Peter McBride

Antique and Old Tools
Updated :- Friday, 09 November 2007

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Study of the dovetails on a Spiers, Ayr smoother and planes I have made. 

Years ago I bought an unhandled, dovetailed, Spiers - Ayr smoothing plane which had all the appearance of being through a fire. The infill was very badly replaced with a local hardwood and the lever cap had patches of oxidation. Also there were screws in the sides where pins would have been expected and the lever cap pin had been badly refitted. The lever cap screw had been replaced with one poorly made in brass, and worse still, the plane had been used as a hammer on both the steel sides. Looking closely at the infill planes in my collection has only given limited insight into how the dovetails were configured by different makers on the different types of planes. I've made a couple of dovetailed  planes, and have been configuring the dovetails in different ways to see which is the best method. There are basically three systems.

1.  Tails cut into the sides and pins cut into the base - so the sides must be brought in from the side to engage the base, and a recess is cut only in the bottom of the base.

   

When the brass sides are peened into the recess the double dovetail is formed.

 2.  Tails cut into the base and pins in the sides - So the sides must be brought down into the base from the top. This is the rear left dovetail of the Spiers smoother. I cut the side plate so the piece would drop out the bottom with as little distortion as possible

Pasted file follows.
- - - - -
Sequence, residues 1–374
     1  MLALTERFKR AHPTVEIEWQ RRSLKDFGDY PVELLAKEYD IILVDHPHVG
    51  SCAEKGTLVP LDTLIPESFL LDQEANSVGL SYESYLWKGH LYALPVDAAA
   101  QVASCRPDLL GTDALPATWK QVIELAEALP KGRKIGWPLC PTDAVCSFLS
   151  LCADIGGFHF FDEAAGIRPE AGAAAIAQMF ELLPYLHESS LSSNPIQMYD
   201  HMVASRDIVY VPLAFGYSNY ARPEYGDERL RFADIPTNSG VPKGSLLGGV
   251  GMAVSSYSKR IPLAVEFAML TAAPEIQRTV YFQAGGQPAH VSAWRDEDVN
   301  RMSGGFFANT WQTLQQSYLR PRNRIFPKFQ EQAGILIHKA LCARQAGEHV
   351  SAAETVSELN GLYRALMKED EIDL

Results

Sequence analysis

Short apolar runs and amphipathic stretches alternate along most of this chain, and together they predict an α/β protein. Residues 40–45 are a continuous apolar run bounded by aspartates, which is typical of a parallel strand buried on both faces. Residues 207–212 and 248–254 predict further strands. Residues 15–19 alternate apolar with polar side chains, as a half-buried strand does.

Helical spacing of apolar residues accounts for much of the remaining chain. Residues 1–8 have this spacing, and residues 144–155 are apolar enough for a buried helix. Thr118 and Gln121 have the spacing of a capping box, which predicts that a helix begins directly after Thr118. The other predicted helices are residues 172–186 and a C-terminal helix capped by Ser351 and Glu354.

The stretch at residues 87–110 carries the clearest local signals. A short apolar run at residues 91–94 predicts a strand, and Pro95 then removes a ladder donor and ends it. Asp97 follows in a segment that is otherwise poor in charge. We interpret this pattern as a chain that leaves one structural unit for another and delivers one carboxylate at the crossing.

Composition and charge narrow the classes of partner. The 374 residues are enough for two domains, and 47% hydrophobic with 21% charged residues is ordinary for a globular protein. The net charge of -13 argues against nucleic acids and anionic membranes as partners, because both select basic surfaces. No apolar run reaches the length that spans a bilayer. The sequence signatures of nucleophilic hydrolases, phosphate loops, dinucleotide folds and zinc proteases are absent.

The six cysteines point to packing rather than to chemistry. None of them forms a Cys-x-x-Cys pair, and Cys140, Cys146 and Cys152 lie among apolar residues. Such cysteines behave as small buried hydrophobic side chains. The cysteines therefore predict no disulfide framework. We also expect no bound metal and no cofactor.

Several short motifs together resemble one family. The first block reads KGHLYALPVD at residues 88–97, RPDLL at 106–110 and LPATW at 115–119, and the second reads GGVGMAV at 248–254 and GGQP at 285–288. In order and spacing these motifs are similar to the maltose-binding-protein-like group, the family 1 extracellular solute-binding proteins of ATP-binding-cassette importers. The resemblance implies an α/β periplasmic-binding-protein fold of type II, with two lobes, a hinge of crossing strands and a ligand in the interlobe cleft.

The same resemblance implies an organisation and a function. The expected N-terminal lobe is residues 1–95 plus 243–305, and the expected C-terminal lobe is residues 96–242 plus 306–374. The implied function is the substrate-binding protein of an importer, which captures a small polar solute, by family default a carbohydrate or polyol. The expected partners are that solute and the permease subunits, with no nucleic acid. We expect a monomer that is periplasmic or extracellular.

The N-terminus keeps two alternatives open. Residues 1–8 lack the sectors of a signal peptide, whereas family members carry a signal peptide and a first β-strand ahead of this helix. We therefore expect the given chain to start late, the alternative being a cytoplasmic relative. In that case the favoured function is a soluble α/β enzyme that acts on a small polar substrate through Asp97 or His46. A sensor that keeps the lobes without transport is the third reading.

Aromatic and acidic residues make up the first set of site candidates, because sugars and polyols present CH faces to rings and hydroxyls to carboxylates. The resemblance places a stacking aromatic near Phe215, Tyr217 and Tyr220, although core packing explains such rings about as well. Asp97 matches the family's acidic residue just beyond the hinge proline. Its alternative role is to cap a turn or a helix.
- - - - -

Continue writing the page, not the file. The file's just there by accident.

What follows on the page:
I have seen references that said Spiers Planes have tails cut in the base and pins in sides. This is confirmed by my sample. The sides were inserted down into the base. After the joint is finished it is not easy to tell which is the tail and which is the pin.  There was a recess filed in the corners of the tail ( on the plane base) at "a", and a recess also filed at "b" in the corners of the pin ( on the plane side plate ). The base was peened into that recess at "b". And the sides were peened into the base at "a" creating the double dovetail.

3.  No tails or pins, a finger joint cut into both the sides and base - so the metal must be peened into a recess cut in both the base and sides to form the double dovetails. I tried this method because of the lessons learned when I made the little bull nose chariot below.

To assemble the chariot plane below I needed the top to come down on to the base because of the brass tenon at the back. The sides had to be sprung open and the steel nose fitted in. That meant I couldn't use tails or pins for the other dovetails. So I thought finger joints on the bottom of sides with a recess cut on both might work. I was very pleased with the result.

Spiers, Mathieson and Buck dovetailed mitre planes I have, where the body is made from one piece curved around the back, or where the front and back were probably assembled first, are most likely made with the sides coming down from the top. That means the tails can't be on the sides, and so must be on the base, or like I have done above - no tails or pins. What I need now is a mitre plane to pull apart....

 

Copyright Peter McBride 2007